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The Effort to Unseat Castro
Conservatives target a rising Democratic star in Texas.

San Antonio mayor Julian Castro

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Betsy Woodruff

Two prominent Texas Democrats are waiting in the wings of their state’s party. Julian and Joaquín Castro, identical twins from San Antonio, had starring roles at the 2012 Democratic National Convention (back in the Dark Ages before Wendy Davis was a household name). Julian is the mayor of San Antonio, and Joaquín is a congressman whose district includes about half the city. At 39, the twins are rising Democratic stars. But one of them might not be for long. 

If San Antonio grassroots conservative activists have their way, Julian Castro’s career in politics could be cut abruptly short. Organizers of an effort to recall the mayor say their push is picking up steam, and tell National Review that they’re confident they have a shot at voting the mayor out of office. They’re targeting him because of the passage of an anti-LGBT discrimination ordinance that conservatives worry will hamstring freedom of speech and religion. (Katrina Trinko laid out concerns about the ordinance here.) 

Weston Martinez, president of the Bexar County Conservative Coalition, lays out the strategy this way: To recall a mayor or council member, you have a 180-day window to get one-tenth of the number of voters from the last election to sign a petition. That means, per Martinez, that activists need about 63,000 signatures from San Antonians to have a recall election. They’re also trying to recall city councilman Diego Bernal, who authored the ordinance, and they’ll need about 6,000 signatures from his district to pull that off.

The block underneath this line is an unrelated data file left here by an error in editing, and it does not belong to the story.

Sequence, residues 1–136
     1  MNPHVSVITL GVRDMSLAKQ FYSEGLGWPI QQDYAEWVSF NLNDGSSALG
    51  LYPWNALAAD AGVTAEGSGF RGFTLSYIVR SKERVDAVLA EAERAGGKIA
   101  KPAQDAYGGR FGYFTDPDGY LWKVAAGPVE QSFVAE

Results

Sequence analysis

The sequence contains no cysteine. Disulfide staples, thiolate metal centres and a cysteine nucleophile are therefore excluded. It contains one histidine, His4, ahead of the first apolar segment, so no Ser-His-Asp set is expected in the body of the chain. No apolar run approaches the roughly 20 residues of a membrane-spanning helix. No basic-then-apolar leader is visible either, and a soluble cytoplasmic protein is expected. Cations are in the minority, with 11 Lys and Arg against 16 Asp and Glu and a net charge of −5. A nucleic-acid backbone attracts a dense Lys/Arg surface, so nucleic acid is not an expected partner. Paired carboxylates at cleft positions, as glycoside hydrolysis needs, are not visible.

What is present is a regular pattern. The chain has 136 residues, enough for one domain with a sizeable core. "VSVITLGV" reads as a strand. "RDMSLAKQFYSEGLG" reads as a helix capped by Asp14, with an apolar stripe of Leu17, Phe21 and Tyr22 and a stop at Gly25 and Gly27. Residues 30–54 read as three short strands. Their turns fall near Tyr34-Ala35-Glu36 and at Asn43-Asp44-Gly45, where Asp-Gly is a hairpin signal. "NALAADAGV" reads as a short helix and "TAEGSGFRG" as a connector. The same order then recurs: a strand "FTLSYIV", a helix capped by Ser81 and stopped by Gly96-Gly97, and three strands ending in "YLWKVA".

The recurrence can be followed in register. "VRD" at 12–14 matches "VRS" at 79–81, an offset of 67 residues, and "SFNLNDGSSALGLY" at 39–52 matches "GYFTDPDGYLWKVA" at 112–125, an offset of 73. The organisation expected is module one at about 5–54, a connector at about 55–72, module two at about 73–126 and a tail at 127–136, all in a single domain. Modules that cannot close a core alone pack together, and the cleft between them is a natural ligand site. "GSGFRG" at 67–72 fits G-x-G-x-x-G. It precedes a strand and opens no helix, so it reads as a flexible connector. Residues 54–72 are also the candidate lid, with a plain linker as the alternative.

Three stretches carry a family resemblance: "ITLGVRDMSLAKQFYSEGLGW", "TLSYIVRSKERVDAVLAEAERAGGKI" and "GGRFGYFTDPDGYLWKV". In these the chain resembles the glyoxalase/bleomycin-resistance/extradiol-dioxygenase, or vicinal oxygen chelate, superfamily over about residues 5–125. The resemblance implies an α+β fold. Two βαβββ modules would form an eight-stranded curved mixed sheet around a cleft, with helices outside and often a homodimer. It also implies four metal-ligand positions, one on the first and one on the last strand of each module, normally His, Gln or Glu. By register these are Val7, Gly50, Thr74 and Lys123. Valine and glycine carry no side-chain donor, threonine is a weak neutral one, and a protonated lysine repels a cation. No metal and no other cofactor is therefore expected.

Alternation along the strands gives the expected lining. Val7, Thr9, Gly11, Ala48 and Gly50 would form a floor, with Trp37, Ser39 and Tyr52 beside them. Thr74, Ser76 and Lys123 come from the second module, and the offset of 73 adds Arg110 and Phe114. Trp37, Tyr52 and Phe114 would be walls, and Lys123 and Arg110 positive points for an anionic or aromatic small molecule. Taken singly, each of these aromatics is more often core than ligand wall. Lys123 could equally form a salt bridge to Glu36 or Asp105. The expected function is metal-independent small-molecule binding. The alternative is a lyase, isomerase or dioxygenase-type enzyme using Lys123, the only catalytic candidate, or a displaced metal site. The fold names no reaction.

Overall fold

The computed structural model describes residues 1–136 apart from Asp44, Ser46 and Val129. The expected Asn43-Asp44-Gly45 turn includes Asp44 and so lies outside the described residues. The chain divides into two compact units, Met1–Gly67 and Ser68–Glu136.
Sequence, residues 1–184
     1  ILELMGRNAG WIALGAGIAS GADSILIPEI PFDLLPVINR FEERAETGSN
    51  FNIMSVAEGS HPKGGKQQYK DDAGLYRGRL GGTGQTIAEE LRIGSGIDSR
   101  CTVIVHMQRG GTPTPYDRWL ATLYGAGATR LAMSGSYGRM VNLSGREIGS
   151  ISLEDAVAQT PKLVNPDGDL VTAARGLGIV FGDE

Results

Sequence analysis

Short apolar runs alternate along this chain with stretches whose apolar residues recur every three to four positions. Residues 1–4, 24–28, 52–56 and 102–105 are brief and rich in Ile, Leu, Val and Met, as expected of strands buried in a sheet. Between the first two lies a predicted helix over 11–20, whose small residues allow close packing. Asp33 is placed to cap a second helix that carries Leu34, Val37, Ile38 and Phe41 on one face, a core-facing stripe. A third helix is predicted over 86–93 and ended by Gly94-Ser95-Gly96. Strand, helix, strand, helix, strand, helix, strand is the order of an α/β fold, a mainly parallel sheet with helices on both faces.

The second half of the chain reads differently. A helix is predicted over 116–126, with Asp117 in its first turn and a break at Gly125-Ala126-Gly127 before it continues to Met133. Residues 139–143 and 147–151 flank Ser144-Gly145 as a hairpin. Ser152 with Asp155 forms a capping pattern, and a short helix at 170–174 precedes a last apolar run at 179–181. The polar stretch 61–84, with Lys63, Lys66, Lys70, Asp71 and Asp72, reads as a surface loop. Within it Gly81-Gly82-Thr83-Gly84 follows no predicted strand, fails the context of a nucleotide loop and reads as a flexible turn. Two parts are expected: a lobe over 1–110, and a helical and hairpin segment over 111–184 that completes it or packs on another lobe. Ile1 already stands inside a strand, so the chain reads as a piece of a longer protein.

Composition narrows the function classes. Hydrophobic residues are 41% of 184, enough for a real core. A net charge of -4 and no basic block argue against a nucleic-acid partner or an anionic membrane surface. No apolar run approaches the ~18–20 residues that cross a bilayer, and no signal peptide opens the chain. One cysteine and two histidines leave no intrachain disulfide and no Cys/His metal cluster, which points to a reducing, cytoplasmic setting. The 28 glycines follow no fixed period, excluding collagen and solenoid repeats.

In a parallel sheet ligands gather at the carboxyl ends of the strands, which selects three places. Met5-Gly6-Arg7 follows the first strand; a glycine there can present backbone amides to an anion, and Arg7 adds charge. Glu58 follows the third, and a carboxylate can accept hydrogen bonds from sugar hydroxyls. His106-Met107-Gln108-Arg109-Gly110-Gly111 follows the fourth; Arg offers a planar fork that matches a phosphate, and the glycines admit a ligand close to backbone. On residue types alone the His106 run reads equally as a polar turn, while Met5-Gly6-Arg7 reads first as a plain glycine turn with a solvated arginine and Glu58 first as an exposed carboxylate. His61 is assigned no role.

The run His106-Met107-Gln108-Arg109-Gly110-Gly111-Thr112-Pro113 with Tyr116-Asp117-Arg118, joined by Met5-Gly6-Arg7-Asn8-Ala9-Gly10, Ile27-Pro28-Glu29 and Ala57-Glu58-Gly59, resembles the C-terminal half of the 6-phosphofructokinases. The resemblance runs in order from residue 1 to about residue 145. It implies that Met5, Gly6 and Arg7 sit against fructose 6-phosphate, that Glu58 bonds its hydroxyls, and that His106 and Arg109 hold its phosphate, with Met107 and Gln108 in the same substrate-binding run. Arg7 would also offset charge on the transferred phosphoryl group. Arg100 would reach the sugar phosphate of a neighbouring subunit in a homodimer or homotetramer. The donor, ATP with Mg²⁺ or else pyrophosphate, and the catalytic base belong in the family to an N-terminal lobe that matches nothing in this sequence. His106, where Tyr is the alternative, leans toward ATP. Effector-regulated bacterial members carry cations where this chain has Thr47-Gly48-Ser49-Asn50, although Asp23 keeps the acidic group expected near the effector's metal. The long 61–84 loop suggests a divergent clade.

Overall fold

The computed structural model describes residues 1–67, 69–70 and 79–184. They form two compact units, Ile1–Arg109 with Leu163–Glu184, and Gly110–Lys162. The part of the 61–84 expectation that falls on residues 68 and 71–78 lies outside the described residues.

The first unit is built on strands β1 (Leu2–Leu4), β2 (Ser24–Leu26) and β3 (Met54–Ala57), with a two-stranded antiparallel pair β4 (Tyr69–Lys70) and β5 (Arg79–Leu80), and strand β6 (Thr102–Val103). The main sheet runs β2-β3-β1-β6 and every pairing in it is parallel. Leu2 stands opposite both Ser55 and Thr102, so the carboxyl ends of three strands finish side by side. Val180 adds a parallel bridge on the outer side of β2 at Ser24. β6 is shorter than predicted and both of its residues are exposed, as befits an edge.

Martinez says activists have collected more than two-thirds of the signatures necessary to recall Bernal. And he estimates they’ve gotten about 6,000 signatures so far on petitions to recall the mayor. They have volunteers camped out in front of Bernal’s office every day getting signatures, Martinez adds, and the councilman has called the police about their presence there. But that hasn’t deterred volunteers.

“We had a great outcry from the city,” Martinez says. “By our estimate about 80 percent of the city is opposed to the ordinance: Castro clearly is bringing national politics to the local level because of obvious future aspirations, the most liberal ordinance in the country into a very conservative town.”

Martinez says that between 80 and 100 people have already put in time gathering signatures. And Gina Castaneda, who’s helping coordinate the recall efforts, says 300 people have signed on to volunteer in the future. Ultimately, she hopes to recall all eight members of the council who voted for the ordinance. 

Martinez says the effort has galvanized many of the city’s Hispanic voters. 

“On a national level, the Democratic party doesn’t really represent the traditional values of the Hispanic community,” he says, “and they’ve just kind of inherited their loyalty even though they don’t deserve it. And so you have a lot of traditional, Catholic, always-voted-Democrat individuals who are signing the petition for the recall and are promoting the signing of the petition for the recall.”

If they can pull off the recall vote, it will come on the heels of successful efforts in Colorado to recall two state senators who voted for stricter gun laws. But the prospect of ending Julian Castro’s political career holds special appeal for conservatives: not just because of their qualms about the LGBT-discrimination ordinance, but because it gives them a chance to show that, national Democrats’ ambitions for the state be damned, the Lone Star State is redder than ever — and certainly not an incubator for national Democratic talent. 

— Betsy Woodruff is a William F. Buckley Fellow at the National Review Institute. 



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